Suarez soldiers on for Vaqueros

Burroughs graduate and Glendale college's tough catcher hasn't let injuries keep him from giving his all to team's current playoff quest

May 13, 2011|By Grant Gordon,

Ahead of the program's first regional postseason appearance since 2002, Glendale Community College Coach Chris Cicuto was worried about his team's layoff of more than a week between its regular-season finale and its playoff opener.

Alas, he conceded that although he was worried about so much time off, it was good for his group of Vaqueros that had seemingly battled injuries all season long to have some time to heal up.

Even before the season began, Cicuto lost a pair of possible starters. Then there was Eric Matranga, who blew out his knee during a collision with a teammate. There was Scott Hong, who was having a standout season before it was ended with a broken fibula and a dislocated ankle. And a pair of shoulder injuries to Matt McCallister and Nick Woodward also left the team with holes to fill.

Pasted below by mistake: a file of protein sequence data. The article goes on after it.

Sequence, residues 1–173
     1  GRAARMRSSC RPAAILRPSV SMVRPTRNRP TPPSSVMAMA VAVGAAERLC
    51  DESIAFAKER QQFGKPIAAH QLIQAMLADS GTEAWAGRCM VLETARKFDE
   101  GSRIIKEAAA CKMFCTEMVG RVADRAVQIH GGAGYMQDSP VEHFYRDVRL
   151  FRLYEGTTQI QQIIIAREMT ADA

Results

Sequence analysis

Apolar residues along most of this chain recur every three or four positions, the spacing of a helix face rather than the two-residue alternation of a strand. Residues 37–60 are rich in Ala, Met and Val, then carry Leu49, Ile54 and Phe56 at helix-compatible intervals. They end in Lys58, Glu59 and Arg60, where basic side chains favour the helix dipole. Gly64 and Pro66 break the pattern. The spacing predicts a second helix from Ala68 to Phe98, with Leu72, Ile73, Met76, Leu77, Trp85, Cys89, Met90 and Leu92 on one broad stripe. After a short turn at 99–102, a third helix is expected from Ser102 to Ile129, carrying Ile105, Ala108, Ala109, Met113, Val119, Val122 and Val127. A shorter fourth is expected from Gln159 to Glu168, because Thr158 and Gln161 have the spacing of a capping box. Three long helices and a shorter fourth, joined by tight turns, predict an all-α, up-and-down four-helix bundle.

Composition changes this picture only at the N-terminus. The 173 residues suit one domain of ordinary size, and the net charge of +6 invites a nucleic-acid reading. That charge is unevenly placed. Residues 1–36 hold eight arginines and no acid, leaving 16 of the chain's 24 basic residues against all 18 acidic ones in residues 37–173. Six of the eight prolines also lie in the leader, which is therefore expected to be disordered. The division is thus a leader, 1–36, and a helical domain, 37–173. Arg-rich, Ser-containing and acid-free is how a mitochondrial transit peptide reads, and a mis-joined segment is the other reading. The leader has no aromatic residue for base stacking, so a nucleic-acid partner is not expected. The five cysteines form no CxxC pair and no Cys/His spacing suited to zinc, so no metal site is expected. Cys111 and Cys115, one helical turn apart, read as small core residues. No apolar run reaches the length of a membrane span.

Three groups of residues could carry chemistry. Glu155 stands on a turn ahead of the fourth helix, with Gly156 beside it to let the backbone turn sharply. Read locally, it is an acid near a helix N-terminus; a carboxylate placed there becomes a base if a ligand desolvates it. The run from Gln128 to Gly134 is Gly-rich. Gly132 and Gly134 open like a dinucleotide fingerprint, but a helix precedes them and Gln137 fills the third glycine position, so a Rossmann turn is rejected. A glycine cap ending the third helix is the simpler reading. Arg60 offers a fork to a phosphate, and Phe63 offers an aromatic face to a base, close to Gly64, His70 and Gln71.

And in reply to the oft asked question of whether a player is hurt or injured, sophomore catcher Erik Suarez could say yes to both. Suarez, the Vaqueros' starting catcher, is currently dealing with a broken index finger and a fractured left hand.

But there's never been a hole to fill at catcher this season.

"He never made it a big deal, ever," Cicuto says. "Everyday he's saying he's fine, he wants to play."

And play Suarez has, contributing mightily to a memorable GCC season that saw them win the Western State Conference South Division title before advancing to today's Super Regional.

Suarez, a Burroughs High graduate, has been a valuable defensive presence as a backstop, a solid hitter in the No. 3 hole, handled a brilliant pitching staff and perhaps just as valuable as any of his contributions has been his ability to captain his team through his perseverance and his ability to exemplify toughness and the role of a team player.

"He's not only tough, but he's mature enough to take on the responsibility as a captain," Cicuto says. "Erik is the type who stepped up."

Through 34 regular-season games, Suarez batted .308 with 25 runs and 18 runs batted in. They're solid numbers, sure, but hardly the kind that jump off the page. Suarez' true worth and contribution to the Vaqueros' cause is much more than that and often times far removed from statistics.

"Just a leader," says reliever Michael Noteware of Suarez as a teammate. "Just a guy who you know is gonna do his job. You don't have to worry about Erik."

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